My doctoral thesis research into tablet-computer based art interventions for people with dementia and their caregivers has been published. You can find the paper here, or here if you are on ResearchGate. I conducted the research with Paul Camic, Sabina Hulbert and Michael Heron. The research explored the impact of art-viewing on wellbeing, both quantitatively (with measures of happiness, wellness and interestedness built into the app) and qualitatively (through interviews I conducted with all the people who took part).¬†As it was an exploratory study, we focussed on detailed evaluation of people’s experiences and as such the sample size was relatively small (12 pairs). The results suggest that art-viewing on a tablet computer can benefit the wellbeing of people with dementia, and have qualitative benefits for their relationships with their informal caregivers. On the path to finding those results, I learned a lot.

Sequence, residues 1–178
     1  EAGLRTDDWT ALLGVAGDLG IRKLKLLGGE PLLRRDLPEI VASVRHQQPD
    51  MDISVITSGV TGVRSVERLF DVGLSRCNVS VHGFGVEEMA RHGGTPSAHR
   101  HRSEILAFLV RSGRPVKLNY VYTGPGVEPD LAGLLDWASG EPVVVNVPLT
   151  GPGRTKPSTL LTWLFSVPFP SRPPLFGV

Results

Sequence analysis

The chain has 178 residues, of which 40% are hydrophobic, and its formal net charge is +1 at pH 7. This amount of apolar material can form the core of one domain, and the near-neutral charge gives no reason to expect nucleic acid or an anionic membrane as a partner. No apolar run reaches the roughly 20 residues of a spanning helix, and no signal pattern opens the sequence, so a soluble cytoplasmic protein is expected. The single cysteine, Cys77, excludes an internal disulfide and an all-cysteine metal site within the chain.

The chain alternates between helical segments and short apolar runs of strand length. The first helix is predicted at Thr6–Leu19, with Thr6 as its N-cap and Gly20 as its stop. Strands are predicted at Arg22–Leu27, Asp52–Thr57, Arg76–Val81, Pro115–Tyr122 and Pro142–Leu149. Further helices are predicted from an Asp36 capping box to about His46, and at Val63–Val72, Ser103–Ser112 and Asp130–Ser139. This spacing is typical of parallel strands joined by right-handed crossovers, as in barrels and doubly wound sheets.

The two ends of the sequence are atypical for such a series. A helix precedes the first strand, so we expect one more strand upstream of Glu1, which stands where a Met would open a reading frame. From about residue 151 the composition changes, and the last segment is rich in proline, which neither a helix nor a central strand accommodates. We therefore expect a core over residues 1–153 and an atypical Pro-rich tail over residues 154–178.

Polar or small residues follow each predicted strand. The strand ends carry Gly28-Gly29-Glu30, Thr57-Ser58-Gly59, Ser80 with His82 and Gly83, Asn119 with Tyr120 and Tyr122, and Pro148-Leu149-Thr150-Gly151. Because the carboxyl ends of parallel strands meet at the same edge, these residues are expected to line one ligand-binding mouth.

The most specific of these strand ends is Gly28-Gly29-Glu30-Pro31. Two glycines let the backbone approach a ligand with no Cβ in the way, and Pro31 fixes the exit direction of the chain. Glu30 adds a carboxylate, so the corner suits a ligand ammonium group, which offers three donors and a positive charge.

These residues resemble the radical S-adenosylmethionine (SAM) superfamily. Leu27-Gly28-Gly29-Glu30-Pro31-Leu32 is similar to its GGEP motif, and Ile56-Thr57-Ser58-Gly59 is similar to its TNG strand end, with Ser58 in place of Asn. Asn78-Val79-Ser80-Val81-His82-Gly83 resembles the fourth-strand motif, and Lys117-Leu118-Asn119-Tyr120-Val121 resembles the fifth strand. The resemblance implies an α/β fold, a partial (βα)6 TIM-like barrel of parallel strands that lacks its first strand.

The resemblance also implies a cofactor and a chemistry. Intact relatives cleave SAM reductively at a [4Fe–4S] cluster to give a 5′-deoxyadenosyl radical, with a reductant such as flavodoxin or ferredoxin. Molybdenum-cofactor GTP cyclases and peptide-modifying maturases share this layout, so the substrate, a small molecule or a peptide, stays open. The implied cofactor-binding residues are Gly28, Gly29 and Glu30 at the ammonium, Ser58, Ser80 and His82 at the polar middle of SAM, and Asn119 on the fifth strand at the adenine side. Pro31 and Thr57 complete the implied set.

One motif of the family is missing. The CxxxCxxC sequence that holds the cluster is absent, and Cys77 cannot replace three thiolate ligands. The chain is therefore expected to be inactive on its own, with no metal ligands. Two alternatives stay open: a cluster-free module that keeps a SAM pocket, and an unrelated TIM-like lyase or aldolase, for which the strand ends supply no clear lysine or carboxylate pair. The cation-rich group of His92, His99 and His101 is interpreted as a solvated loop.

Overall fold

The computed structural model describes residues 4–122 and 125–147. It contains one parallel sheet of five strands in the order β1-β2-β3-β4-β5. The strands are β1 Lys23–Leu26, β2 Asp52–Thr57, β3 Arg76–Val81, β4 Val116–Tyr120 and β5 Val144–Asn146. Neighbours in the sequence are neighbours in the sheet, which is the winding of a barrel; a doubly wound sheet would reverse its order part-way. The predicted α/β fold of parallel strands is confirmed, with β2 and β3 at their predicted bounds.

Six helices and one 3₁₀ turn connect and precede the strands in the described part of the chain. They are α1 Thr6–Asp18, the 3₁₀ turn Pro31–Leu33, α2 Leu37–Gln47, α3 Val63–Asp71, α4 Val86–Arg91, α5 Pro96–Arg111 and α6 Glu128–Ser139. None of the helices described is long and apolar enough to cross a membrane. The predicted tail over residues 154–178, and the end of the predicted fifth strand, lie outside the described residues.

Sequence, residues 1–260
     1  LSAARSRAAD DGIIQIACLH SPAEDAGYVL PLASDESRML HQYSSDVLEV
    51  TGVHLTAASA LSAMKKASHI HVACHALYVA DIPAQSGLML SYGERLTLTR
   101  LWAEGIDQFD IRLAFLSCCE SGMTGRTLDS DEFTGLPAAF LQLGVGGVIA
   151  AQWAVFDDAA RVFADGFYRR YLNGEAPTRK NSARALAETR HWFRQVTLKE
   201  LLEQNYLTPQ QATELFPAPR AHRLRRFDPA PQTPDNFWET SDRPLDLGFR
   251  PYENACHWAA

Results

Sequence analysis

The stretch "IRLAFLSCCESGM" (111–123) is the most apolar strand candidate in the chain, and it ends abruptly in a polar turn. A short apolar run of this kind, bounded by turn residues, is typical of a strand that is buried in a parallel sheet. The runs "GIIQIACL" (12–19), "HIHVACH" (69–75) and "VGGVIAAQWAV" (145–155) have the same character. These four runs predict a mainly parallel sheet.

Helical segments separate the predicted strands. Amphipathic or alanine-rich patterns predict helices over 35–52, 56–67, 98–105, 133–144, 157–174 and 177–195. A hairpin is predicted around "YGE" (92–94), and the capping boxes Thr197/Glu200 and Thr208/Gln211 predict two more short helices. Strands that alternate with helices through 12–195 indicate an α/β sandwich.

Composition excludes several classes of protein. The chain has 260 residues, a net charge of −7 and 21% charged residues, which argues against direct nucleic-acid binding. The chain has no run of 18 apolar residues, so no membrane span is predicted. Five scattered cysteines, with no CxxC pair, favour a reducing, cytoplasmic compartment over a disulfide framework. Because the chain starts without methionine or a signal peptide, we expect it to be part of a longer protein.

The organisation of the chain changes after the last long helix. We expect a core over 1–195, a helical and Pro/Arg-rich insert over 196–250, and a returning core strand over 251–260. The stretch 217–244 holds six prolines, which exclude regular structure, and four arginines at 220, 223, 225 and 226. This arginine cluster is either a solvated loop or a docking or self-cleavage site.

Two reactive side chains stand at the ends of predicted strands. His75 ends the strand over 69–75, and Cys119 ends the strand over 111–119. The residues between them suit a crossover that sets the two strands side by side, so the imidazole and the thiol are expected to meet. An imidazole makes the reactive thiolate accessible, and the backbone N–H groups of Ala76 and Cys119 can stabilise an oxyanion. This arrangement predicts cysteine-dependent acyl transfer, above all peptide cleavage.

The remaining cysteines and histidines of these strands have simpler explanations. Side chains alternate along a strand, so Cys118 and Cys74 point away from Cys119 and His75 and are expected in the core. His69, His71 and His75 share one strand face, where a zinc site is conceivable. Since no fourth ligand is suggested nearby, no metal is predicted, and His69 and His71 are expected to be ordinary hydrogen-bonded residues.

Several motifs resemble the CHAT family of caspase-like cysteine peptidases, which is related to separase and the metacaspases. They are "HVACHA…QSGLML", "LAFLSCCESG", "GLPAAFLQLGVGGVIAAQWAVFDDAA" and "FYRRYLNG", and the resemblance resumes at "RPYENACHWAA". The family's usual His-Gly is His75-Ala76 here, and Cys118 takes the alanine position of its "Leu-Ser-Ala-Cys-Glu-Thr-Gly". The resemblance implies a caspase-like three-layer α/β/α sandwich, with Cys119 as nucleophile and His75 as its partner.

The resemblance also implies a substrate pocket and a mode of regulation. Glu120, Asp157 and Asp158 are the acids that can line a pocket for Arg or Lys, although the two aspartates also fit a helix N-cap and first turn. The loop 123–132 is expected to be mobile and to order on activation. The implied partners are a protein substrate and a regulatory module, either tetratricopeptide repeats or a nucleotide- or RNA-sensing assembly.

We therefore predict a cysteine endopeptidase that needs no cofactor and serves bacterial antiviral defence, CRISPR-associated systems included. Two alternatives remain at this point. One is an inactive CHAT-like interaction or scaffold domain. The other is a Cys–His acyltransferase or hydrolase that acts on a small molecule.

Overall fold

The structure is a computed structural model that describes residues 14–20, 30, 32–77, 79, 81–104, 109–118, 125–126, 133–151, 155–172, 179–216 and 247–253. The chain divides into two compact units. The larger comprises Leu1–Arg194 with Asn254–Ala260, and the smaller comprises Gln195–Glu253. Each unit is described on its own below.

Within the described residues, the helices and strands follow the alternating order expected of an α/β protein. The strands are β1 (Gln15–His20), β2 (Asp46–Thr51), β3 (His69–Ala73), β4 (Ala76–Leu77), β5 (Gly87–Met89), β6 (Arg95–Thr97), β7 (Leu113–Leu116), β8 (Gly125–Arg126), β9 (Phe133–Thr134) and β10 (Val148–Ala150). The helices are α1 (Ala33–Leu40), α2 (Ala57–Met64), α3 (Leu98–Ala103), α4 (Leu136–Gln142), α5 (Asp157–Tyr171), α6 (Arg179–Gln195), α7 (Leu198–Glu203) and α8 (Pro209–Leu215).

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Screens – worthy addition or wasteful addiction?

I recently attended a seminar about screen addiction led by Dr Aric Sigman. I was intrigued by the information about how excessive recreational screen-use has a detrimental impact on people, and how each new generation seems to be increasingly glued to screens. I weighed this up against the research I have looked at which aims to develop touch-screen based interventions, some of which act as cognitive prostheses for people with dementia. I wondered where we can draw a line, however arbitrary, between the benefits and the costs of the screens we surround ourselves with.

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